Cholera outbreaks occurred seasonally in each of the years defining the study period, usually in two waves between March and September (Fig 1). A total of 462 V. cholerae isolates, all of them being typed as O1 El Tor, were collected from patients presenting with acute diarrhoea for 3½ years prior to and 1½ year following the first vaccination in the clinical trial in June 2006 (spanning the period from January 2003 to December 2007) in Kolkata municipal wards 29, 30, and 33 (Fig 2). Throughout the study the cholera cases from which V. cholerae were isolated are referred to as “severe” since the disease symptoms caused the patients to seek treatment at a health care center.
All cases of cholera showing serotype of isolated strains, Ogawa (blue solid line) and Inaba (red dotted lined), over the period from March 2003 until the end of 2007, shown per month. The blue dashed line shows the cases recorded over an extended period within the same area of Kolkata until the end of 2011 . There are generally seasonal outbreaks with one in the spring and one in the autumn.
The three wards of Kolkata (29, 30 and 33) in which the study was conducted showing all the documented cases of cholera according to the GPS coordinates of the patients. Green X represents project health clinics, blue and red dots represent Ogawa and Inaba serotyped cases respectively.
The cholera cases were widely distributed over the wards, with the greatest concentration being in ward 29 (Fig 2). Overall in 2005 relatively few cholera cases were reported, amounting to only 13% of the cases compared to the preceding and following years. When the period of observation is extended until 2011 using published data from You et al  for the same area (Fig 1), it can be seen that also in 2011 the occurrence of cases is unusually low and that this again follows a large outbreak with a lot of cases in a short period in 2010.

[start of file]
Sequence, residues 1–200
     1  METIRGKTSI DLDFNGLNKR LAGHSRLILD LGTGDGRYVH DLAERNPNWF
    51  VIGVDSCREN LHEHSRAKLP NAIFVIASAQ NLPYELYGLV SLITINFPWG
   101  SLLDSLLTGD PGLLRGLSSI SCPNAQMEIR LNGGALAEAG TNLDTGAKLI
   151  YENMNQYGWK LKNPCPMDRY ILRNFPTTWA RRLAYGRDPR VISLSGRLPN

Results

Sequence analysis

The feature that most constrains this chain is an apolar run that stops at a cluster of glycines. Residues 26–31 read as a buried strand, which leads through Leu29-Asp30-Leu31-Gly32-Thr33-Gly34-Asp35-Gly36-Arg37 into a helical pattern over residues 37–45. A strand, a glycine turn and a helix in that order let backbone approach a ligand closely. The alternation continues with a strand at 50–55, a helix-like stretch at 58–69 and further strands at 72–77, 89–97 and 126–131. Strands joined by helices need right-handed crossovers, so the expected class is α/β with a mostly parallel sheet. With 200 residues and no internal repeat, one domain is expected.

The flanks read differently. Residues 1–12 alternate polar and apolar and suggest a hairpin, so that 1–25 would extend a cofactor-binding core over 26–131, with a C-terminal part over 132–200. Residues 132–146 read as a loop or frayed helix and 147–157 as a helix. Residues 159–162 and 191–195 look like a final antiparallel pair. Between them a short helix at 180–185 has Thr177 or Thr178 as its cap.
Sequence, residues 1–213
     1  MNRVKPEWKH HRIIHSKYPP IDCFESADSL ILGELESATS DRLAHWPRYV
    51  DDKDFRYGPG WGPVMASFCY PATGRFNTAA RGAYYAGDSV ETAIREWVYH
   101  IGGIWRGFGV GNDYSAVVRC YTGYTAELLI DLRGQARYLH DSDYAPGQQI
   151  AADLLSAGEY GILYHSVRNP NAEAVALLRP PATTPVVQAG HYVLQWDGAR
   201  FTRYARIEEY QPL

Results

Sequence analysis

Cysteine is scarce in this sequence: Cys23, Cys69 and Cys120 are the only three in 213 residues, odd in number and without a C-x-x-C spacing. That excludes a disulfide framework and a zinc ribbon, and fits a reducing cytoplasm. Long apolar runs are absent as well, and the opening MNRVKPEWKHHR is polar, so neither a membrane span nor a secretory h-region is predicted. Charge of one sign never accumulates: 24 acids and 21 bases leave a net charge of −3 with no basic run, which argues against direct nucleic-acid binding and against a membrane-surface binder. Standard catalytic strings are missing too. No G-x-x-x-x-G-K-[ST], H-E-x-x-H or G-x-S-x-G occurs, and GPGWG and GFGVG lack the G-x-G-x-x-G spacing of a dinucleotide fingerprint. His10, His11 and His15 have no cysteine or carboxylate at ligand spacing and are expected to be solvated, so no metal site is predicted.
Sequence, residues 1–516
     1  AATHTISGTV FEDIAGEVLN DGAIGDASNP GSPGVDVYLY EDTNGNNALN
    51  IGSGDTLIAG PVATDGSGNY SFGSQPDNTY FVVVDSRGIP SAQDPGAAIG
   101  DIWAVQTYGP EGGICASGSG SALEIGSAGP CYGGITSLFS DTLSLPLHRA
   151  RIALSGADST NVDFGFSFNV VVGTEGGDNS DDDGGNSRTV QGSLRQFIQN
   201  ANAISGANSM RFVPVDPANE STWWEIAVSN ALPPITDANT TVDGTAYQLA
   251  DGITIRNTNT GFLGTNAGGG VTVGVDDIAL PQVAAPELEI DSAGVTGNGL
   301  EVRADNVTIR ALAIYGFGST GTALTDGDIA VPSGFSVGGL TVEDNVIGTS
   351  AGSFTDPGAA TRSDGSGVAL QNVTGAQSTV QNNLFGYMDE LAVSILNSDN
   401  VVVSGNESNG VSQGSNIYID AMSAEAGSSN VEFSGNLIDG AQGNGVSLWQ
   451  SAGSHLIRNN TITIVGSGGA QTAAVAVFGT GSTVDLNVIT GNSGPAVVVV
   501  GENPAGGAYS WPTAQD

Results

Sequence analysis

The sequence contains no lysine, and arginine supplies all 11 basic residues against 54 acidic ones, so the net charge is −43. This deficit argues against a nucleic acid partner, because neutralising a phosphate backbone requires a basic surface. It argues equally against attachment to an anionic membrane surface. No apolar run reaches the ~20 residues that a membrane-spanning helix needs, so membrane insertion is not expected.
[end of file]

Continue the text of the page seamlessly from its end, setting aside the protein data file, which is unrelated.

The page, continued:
Both serotype Inaba and Ogawa cholera outbreaks occurred during the study period
Looking at the temporal distribution of the isolates causing disease it is clear that both Inaba and Ogawa isolates were responsible for causing intermittent outbreaks in this area across the whole study period. However, it is also apparent that the peaks of infection were dominated by either one or the other serotype (Fig 1). When Ogawa infections were dominant in general no Inaba strains were isolated except in the transition period in 2004 when Inaba strains began to emerge as clinical isolates and in 2007 when the number of Inaba isolates was in sharp decline. Thereafter there were no recorded Inaba cases in cholera patients for at least the following five years . In contrast, during the two-year period 2005–06 when Inaba predominated Ogawa strains were also isolated (Fig 1). There was no perceptible geographical demarcation between the Ogawa and Inaba serotype strains (Fig 2)
Phylogenetic relationships in the temporal distribution of Ogawa/Inaba isolates
Of the 462 V. cholerae isolates collected, 411 were successfully genome sequenced. Sequencing probably failed in the remainder of the samples due to poor DNA quality resulting from degradation in transit from India to the UK.